AI-Black: It’s not what you thought, but it’s happening all the same.
How can AI assist documentary makers and factual filmmakers tell rich but previously inert stories? Here’s a case presented to the British Screen Forum which is “where the best informed and most influential people in the UK screen sectors convene to interrogate issues of importance and influence”
A 25-year-old policeman in Kumasi, the Gold Coast (Ghana), wins a scholarship in 1955 to study in the UK. He’s excited eyeing up opportunities.
But he is also nervous. He has never been to England before and he doesn’t know what to expect. On arrival he’s faced with several problems and soon is literally drowning in challenges. London is very different.
Racism, the colour bar, he struggles and looks to a new career. He starts a family with his new wife who joins him from Ghana. Their children find themselves in and out of foster care. He develops a reputation for being Mr fixer in South London.
Eventually, London takes its toll and he returns with his children to Ghana. There, he’s courted by politicians and CEOs and is affecionately called Chairman — a recognisable phrase of endearment across West Africa . He will face fresh problems with Flt Lt Jerry Rawling’s coup d’état in 1979 (Click here chilling audio ).
A recently discovered cache of letters, correspondence and this mind boggling passport he kept in a suitcase reveal a colourful life; that he travelled to the UK on a Citizen of the United Kingdom and Colonies (CUKC) passport that classified him as a British subject and eventually in 1983 as a citizen.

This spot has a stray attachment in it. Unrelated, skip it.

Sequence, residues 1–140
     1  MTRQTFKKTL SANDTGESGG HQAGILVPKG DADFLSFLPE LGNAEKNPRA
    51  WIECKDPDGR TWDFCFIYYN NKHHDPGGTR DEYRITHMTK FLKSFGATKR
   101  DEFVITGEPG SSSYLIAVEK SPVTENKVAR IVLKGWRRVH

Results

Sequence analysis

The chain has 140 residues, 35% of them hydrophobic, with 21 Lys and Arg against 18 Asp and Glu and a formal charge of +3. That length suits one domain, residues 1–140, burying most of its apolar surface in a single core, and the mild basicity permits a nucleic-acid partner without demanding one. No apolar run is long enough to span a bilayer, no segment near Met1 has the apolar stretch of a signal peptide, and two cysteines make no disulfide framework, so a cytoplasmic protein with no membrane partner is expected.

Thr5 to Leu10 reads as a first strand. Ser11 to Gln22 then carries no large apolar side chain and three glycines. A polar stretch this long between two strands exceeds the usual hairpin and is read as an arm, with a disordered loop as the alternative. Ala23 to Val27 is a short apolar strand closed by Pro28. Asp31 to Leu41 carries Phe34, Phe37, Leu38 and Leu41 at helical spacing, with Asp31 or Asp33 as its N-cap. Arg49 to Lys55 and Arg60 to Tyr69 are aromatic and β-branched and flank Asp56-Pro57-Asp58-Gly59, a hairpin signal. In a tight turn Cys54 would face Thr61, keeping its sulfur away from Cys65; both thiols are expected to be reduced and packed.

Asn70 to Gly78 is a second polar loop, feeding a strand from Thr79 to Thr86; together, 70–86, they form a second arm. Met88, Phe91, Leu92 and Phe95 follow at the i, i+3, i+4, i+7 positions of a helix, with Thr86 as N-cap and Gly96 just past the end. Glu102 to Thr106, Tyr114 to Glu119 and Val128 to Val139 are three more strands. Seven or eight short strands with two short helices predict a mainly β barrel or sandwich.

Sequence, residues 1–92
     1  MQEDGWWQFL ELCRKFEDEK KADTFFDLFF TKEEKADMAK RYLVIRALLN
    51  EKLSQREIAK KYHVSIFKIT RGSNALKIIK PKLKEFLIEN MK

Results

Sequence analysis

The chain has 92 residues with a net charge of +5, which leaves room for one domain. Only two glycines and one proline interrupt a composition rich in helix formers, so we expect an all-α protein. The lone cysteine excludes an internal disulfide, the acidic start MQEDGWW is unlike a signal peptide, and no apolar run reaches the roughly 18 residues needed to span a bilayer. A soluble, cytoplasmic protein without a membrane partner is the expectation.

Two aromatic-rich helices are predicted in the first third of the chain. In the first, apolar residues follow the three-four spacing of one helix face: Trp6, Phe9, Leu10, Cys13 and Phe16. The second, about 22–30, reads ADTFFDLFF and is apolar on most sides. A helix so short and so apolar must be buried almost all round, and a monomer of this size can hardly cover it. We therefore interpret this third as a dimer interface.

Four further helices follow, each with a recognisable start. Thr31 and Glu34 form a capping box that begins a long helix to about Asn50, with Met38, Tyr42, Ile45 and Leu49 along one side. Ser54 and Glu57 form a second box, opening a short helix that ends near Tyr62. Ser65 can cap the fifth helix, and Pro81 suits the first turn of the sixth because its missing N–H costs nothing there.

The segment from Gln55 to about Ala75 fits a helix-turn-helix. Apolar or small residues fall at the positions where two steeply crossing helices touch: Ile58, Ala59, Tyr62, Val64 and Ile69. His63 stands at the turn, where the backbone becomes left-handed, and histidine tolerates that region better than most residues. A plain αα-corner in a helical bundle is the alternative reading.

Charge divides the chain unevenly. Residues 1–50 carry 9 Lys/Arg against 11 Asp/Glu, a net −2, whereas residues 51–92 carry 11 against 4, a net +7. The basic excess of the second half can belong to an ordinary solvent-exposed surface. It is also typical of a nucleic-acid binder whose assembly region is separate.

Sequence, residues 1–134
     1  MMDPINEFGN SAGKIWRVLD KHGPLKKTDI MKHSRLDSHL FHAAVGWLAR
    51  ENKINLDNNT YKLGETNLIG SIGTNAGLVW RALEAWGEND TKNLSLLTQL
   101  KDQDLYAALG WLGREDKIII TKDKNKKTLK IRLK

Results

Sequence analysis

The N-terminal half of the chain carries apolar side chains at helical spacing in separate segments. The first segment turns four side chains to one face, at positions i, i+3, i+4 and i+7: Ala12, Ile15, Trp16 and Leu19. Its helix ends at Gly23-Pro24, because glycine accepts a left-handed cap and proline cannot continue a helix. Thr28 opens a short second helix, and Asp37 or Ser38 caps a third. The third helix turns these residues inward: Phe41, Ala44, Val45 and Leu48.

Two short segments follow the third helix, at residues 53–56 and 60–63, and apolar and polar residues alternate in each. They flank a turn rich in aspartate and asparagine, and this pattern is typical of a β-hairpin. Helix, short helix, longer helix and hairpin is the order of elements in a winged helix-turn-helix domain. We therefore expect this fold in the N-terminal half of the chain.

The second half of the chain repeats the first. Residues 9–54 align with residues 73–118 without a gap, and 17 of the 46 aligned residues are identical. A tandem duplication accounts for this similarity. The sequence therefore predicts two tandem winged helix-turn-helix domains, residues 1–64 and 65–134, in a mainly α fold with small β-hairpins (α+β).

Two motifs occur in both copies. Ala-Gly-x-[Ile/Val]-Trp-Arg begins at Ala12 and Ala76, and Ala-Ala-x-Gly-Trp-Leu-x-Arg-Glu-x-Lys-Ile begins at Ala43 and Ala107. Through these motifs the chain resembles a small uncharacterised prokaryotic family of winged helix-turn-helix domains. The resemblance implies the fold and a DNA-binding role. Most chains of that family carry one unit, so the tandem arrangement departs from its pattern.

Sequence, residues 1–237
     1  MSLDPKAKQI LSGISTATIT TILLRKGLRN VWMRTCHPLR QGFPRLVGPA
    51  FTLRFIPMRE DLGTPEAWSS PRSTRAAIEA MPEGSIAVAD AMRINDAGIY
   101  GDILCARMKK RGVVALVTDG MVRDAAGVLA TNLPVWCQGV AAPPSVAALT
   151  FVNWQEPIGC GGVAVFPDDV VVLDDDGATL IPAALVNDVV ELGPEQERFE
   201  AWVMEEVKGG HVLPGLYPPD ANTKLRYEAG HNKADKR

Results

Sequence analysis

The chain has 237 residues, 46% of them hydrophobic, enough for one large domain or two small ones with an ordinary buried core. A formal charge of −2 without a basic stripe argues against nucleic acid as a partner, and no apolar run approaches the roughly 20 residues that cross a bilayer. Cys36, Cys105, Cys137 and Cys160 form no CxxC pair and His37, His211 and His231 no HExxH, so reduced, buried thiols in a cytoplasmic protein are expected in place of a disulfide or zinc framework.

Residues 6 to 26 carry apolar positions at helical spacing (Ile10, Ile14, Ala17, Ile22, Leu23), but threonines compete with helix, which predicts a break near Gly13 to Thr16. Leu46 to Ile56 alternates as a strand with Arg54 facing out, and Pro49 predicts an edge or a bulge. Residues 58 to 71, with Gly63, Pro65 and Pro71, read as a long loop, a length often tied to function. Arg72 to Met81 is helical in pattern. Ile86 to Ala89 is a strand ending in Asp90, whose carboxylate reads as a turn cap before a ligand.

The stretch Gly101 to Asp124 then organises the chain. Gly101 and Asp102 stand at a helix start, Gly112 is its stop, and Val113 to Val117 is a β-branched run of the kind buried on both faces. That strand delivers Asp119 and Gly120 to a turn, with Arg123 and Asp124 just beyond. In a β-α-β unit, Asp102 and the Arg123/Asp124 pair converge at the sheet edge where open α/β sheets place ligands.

The hypothesis is how AI impacts factual storytelling and what are its limitations and challenges, ethically and professionally, towards audiences in general and a new industry in particularly?
By 2030 such an enquiry may be a moot point given Gen AI’s increasing use. Can Gen AI ethically substitute real photographic and audio/video archive? And what manner of evidential research accords the language, as well as the use of existing real visual markers in the expanding linguistics of “prompts”. Furthemore, what guardrails and ethical guidelines are required?
I’m Journalist, academic and filmmaker David Dunkley Gyimah behind this personal biopic of my father. It points to the dearth of personal narratives of Africans, Ghanaians, who went through extraordinary ordeals.
This story although unique is allegorical of many West Africans who travelled to the UK and returned.
Today, Brits of African origin are the largest Black group in the UK and many of their rich stories remain untold. Could AI play a role, pedagogical too in historical factual storytelling predicated on practices such as the 1900s artist-painter as newsmaker.
Fifty percent of the Chairman promo trailer, as well as the poster image above is AI generated. Is the slogan “If you can IA it” (Imagine ‘appening), he says “you can AI it ?”
I’m working with other academics. The feedback has been overwhelming and several readers are looking to creating their own stories. Ai in storytelling is set to be as disruptive as it will be creative.
If you’re an academic or hosting an event, or a commissioner and would like to know more please get in touch. If you’re able to sponsor and would like to be attached to the completion of this project please get in touch here firstname.lastname@example.org or via twitter x @viewmagazine
Think of the Chairman as a real but different life version of BBC’s popular series “Luther” with actor Idris Elba, in the 1950s .